In Western Society, there are five main frontier systems in operation at any one time. These can be labeled for convenience sake as: Political, Bureaucratic, Military, Economic (including both physical and technological frontiers) and Social. In each, EMOTIONS, are the driving force behind decisions. Political frontiers are invigorated by a desire for power, prestige and the need for national security. Bureaucracies are motivated by the desire for safety and longevity. Military frontiers can be said to be motivated by both fear and patriotism. Economic frontiers are stimulated by desire for self-sufficiency and by greed. Social frontiers are inspired by a desire for altruistic betterment and to improve the human condition. The relative power of one frontier over another progress downward from Political to Social. Each frontier has own merit, but each is subservient to a large degree to the frontiers above it. To understand which of these frontiers should be applied to a particular activity, one need look at the emotional motivation. For example, Bureaucracies excel at road building. Highway bridges must be both safe and long lasting. During the development of the Apollo program, it was political will that pushed the boundaries. NASA, by definition a bureaucracy, was the tool by which this political will was actualized and was driven by the goals and desires of the political will of the country, which over-rided its own intrinsic concerns for safety. When the political goal of landing an American on the Moon before the Soviet Union was achieved, the political will was removed. The bureaucracy's desire for safety resulted in the cancellation the remaining Apollo missions before any astronauts could be lost.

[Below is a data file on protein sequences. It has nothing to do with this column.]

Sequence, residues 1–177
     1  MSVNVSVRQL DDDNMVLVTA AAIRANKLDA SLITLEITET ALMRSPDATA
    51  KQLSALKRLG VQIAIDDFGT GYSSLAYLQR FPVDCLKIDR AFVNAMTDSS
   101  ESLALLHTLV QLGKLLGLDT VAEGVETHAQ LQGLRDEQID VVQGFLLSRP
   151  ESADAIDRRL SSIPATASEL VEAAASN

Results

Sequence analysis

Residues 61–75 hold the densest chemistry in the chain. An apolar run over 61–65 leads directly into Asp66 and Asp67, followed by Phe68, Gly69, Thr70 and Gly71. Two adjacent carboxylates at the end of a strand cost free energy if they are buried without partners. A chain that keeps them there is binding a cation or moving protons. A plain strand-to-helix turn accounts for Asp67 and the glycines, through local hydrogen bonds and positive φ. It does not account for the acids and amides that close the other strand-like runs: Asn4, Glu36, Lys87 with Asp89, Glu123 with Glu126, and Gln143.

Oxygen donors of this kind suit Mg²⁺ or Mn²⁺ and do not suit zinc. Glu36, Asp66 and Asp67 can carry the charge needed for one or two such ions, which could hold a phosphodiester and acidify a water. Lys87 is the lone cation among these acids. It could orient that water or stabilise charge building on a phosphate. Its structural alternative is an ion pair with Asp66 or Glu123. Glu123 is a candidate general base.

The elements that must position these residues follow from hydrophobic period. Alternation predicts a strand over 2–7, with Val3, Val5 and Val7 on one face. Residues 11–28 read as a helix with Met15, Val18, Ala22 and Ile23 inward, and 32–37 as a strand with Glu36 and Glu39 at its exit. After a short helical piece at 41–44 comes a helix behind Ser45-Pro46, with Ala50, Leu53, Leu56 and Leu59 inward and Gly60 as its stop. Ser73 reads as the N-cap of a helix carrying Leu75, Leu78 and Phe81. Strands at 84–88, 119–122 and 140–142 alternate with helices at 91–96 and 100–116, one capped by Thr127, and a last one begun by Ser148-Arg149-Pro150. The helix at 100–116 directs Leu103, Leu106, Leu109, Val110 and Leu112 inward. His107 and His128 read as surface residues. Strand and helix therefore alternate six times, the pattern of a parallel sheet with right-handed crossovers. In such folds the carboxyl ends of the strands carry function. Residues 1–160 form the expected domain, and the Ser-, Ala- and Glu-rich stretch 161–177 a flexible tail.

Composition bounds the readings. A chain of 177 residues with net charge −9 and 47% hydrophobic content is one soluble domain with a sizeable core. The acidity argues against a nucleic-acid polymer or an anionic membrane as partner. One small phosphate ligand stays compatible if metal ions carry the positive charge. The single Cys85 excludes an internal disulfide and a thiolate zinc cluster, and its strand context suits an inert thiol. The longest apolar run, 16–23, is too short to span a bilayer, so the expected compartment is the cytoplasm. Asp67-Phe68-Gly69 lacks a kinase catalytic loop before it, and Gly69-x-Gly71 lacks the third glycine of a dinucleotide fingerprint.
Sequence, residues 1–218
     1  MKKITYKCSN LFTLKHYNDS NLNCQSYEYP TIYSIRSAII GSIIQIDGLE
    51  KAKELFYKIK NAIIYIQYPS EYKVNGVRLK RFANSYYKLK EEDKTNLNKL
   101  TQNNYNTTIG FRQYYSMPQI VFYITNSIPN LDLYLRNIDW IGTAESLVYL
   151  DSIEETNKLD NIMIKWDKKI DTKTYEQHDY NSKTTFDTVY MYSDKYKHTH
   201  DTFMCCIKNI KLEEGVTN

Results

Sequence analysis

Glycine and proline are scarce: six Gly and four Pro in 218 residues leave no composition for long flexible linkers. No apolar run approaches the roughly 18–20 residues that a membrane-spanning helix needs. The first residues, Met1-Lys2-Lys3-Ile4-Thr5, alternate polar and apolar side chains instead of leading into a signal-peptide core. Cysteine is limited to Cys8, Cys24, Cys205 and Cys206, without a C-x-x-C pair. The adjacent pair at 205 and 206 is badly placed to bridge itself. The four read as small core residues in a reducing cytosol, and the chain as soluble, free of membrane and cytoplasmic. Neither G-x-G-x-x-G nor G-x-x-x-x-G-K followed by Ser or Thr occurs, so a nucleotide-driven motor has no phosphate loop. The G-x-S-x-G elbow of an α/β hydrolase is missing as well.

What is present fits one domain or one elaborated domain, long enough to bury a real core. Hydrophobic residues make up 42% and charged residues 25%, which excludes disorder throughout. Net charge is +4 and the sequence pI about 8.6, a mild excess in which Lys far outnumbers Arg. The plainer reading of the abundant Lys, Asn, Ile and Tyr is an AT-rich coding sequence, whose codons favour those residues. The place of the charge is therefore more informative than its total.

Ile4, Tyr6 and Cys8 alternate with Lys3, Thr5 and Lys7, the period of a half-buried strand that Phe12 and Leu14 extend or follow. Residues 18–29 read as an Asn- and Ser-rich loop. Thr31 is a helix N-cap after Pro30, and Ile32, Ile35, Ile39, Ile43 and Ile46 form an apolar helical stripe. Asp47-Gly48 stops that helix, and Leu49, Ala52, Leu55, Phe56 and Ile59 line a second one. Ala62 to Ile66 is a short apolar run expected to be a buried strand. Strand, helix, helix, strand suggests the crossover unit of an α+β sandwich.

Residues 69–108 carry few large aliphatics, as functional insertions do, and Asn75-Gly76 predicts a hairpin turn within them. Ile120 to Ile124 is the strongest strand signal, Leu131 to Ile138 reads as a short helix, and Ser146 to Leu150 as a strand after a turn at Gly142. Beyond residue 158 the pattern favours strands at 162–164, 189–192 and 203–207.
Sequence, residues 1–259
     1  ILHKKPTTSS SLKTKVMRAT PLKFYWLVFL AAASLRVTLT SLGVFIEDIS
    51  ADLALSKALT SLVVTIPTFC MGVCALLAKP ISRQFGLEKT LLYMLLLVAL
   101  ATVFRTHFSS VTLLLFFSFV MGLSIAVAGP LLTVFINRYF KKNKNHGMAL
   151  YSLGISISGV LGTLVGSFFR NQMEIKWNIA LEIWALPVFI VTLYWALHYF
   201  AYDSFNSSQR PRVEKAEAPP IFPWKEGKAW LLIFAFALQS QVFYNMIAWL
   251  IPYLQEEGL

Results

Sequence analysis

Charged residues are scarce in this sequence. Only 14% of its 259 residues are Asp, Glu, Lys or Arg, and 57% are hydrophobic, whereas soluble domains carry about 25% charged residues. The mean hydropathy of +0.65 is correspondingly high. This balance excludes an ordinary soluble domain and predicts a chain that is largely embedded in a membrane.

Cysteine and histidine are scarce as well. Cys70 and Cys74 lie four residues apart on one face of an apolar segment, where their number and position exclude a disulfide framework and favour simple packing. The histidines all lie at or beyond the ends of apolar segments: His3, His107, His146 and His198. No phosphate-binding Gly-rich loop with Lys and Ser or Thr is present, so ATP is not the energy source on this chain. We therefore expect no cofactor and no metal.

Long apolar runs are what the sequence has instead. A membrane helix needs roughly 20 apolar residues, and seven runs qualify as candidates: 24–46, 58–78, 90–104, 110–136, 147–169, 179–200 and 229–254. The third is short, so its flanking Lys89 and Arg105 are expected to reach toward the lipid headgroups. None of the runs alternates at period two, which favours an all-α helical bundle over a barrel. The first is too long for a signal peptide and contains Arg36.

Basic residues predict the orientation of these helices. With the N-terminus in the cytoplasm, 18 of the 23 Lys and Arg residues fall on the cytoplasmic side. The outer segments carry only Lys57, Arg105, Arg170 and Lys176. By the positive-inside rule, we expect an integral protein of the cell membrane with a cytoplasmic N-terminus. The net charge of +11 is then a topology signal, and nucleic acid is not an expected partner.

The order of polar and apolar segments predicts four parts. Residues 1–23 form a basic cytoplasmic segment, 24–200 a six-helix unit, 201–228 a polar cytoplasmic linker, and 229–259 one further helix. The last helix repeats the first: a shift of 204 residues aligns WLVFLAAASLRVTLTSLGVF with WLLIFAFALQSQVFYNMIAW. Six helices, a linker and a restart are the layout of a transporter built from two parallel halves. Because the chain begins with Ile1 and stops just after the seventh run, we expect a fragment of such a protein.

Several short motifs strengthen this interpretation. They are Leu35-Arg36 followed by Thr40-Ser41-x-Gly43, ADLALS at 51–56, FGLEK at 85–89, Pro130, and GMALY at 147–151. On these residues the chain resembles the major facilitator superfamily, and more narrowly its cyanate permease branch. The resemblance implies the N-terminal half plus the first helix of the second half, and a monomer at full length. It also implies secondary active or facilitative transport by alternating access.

How then can this be applied to the Compton Gamma Ray Observatory? When the Compton was conceived during the Cold War, there was only one set of pockets deep enough and will strong enough to pay for such an explorer. Astronomers seeking knowledge for knowledge's sake, could neither bankroll the construction nor deploy the facility in orbit. The funds came through NASA's budget at the Congressional level. Political prestige and scientific curiosity were the motivators that pushed the program's funding. The Gamma Ray Observatory (as it was then known) was to have been launched from a shuttle in 1988, but the explosion of Challenger delayed deployment.
The CGRO was deployed from the Shuttle Atlantis on April 5, 1991 during STS-37. The GRO was renamed in honor Dr. Arthur Holly Compton, who won the Nobel prize in physics for work on the scattering of high-energy photons by electrons. While the large Observatory was designed to be serviced by the Shuttle, an early mission incident damaged the propulsion system. Because there was a possibility of exposing the Shuttle and astronauts to hazardous propellant, no service missions were ever scheduled. To extend its life, the CGRO was boosted in orbit in 1993 and 1997 (Mark Wade Encyclopedia Astronautica; Washington Post).